Our Government In A Nutshell

Via Drum, a Republican criticizes the current administration:

It’s hard for a program staffed mainly by folks in the industry to impartially conduct oversight of the industry

The scandal du jour involves too much chumminess between universities and the student loan industry, but he could be talking about any regulatory body in today’s government. Any doofus could anticipate that swapping hacks for oversight will lead to dysfunction. I guess we should take it as a good sign that a select few people have learned from experience what common sense should have told them in advance, but I really don’t. You can’t fix the kind of stupid that prevents these people from anticipating the obvious. On some new issue, with some new government, they will do it again.

The point transcends one party or another. George Bush’s party affiliation had nothing to do with why I could tell more or less from day one that his reign would be an unmitigated disaster. I simply had to apply the rule that any time you remove oversight from a system and swap in hacks with an interest that supercedes simply doing the job right, dysfunction follows like water flows downhill. Set your watch by it.

In that vein I think Fester has a salient concern:

[W]e are not in a healthy political environment. This poisoning of the body politic has provoked an immune response so that the emerging dominant coalition is the sane versus the insane. This coalition will be extremely beneficial to the Democratic Party in the short to medium run, but if this is the political discourse for the next half dozen election cycles than the self-correcting and limiting mechanisms of government and governance will be suspended, therefore increasing the probability of Democrats doing really, really, dumb things.

Sure, I’m thrilled to know that the GOP seems dead set on throwing its electoral future down the Iraq hole. Since my policy preferences dovetail with the Democrats almost all of the time I won’t complain if Dems govern until crazy people stop running the Republican party. For me, the major caveat is the crucial role that opposition parties play in the body politic.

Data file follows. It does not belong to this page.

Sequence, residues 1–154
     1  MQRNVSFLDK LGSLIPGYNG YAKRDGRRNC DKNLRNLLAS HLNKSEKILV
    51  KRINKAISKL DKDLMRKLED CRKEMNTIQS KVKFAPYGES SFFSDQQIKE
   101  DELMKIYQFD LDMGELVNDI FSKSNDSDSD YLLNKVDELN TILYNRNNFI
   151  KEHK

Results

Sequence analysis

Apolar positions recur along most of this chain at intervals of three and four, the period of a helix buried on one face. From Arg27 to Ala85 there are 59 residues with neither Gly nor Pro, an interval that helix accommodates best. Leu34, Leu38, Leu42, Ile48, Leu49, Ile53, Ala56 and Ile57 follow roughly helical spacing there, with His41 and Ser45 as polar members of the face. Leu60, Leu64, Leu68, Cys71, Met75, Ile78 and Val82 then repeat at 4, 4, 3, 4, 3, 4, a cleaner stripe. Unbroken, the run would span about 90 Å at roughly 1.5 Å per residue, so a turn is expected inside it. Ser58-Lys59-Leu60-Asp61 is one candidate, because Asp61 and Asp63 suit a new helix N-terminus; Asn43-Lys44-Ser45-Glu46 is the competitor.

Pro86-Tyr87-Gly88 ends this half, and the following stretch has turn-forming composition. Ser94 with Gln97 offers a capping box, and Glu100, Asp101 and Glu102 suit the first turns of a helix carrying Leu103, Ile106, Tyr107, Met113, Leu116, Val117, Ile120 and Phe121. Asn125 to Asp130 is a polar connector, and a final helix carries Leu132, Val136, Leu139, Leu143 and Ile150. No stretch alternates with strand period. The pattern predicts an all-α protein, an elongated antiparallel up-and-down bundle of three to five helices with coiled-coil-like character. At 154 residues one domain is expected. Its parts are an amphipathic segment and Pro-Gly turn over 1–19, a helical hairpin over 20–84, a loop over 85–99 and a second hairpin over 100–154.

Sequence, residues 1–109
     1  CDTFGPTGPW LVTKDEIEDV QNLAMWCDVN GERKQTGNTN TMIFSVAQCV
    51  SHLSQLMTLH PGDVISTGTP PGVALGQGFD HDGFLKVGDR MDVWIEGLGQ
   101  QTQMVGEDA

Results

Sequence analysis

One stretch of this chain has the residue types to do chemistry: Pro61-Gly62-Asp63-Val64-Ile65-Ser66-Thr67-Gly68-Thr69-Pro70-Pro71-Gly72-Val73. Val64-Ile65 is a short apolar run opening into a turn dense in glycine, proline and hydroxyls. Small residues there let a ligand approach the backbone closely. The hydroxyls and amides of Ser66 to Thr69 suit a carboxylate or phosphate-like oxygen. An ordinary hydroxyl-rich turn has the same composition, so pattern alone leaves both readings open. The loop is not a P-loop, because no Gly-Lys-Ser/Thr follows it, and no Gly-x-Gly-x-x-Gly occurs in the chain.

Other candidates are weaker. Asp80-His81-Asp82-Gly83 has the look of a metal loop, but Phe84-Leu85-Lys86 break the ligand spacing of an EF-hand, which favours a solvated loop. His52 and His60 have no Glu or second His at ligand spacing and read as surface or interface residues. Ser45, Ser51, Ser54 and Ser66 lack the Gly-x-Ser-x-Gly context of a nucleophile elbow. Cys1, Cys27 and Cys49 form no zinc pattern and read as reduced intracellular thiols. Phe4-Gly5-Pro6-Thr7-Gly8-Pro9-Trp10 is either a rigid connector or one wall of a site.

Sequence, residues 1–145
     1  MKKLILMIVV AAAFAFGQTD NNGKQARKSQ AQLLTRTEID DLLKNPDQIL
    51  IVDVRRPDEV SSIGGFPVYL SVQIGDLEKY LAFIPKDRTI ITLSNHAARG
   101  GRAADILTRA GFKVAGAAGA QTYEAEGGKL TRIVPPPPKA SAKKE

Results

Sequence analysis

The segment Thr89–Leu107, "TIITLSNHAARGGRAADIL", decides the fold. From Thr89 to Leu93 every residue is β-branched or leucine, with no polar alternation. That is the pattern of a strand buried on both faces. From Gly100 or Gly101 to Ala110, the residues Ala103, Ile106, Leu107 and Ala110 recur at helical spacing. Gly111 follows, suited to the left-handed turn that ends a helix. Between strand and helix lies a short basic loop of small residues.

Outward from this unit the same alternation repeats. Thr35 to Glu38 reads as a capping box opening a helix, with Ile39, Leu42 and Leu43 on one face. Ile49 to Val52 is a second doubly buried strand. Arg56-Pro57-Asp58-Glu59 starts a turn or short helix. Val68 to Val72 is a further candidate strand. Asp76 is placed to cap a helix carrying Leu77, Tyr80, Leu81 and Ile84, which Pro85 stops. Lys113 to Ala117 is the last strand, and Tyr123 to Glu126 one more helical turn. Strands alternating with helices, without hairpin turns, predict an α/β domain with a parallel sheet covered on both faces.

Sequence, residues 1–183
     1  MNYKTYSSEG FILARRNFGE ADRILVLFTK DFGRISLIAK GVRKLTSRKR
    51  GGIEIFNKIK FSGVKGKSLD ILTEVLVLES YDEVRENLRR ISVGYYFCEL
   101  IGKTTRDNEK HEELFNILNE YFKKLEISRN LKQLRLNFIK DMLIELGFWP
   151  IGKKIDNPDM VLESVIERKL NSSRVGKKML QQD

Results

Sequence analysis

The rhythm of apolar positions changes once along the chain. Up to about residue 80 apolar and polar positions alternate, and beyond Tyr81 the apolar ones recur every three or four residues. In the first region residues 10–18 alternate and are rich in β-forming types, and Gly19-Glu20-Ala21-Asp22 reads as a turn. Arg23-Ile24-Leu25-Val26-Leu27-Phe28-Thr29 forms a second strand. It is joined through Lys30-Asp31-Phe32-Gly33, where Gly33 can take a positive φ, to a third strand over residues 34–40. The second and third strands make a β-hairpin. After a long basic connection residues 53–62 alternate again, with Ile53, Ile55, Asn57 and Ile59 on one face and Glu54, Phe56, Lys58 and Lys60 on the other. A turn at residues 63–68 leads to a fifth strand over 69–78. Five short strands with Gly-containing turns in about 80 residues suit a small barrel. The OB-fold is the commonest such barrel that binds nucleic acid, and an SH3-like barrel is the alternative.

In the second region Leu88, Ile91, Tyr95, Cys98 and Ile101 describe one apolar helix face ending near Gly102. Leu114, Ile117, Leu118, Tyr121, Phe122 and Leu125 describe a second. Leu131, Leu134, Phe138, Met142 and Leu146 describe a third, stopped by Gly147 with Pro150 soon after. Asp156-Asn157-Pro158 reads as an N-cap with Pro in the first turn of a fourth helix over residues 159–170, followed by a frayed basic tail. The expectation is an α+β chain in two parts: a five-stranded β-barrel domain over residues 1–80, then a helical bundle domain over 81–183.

It would be silly to pretend that the principles that I describe here apply to one party but not the other. In my view, certain things need to happen in the near future if less hackish Dems don’t want to find ourselves on Tom Maguire’s ledge.

First on my list, the House and Senate Ethics committees need to get off their asses and sanction someone*. Who doesn’t really matter to me. It could be nothing but Democrats for all I care. Set the bar so low that only one in five investigations lead to an actual sanction, if that is what it takes to create a sense that bad acts or smelly innocent acts will bring an invitation to testify in front of Tim Johnson or Stephanie Tubbs Jones. The next president needs to fully reverse the Bush standards of transparency and conflicts of interest in civil service. Working with Congress and a departmental Inspector General looking over your shoulder is a time-consuming pain in the ass, but I can safely say in principle and from recent experience that competent work will not get done any other way.

(*) This might seem insensitive to Sen. Tim Johnson, who is still in therapy recovering from a brain hemmorrhage. Oh well. Isn’t there a way to discipline someone by conference call? Microsoft NetMeeting seems like it should work for that sort of thing.






40 replies
  1. 1
    Tom Hilton says:

    Any doofus could anticipate that swapping hacks for oversight will lead to dysfunction.

    Not the first time it’s happened, either. St. Reagan was a big fan of fox-in-the-henhouse government (James Watt, anyone?). In other words: it isn’t just a Bush thing; it’s inherent in the current Republican philosophy.

    First on my list, the House and Senate Ethics committees need to get off their asses and sanction someone. Who doesn’t really matter to me. It could be nothing but Democrats for all I care….The next president needs to fully reverse the Bush standards of transparency and conflicts of interest in civil service. Working with Congress and a departmental Inspector General looking over your shoulder is a time-consuming pain in the ass, but I can safely say in principle and from recent experience that competent work will not get done any other way.

    Agree wholeheartedly with this. Oversight is there for a reason, whatever the executive supremacists want to believe.

  2. 2
  3. 3
    Paul L. says:

    Why no mention of the several “questionable practices” in the student loan industry?
    i.e.
    Universities getting kickbacks from the student loan lenders?

    Where do you work Tim F?

  4. 4
    Tim F. says:

    Breathe into a bag, Paul. It’s the third sentence of my post.

    Also, unless you want a vacation from the blog I suggest you avoid questions about my life outside of blogging. My anonymity may be a pretty thin veneer, nonetheless I am not interested in thinning it any further.

  5. 5
    Dungheap says: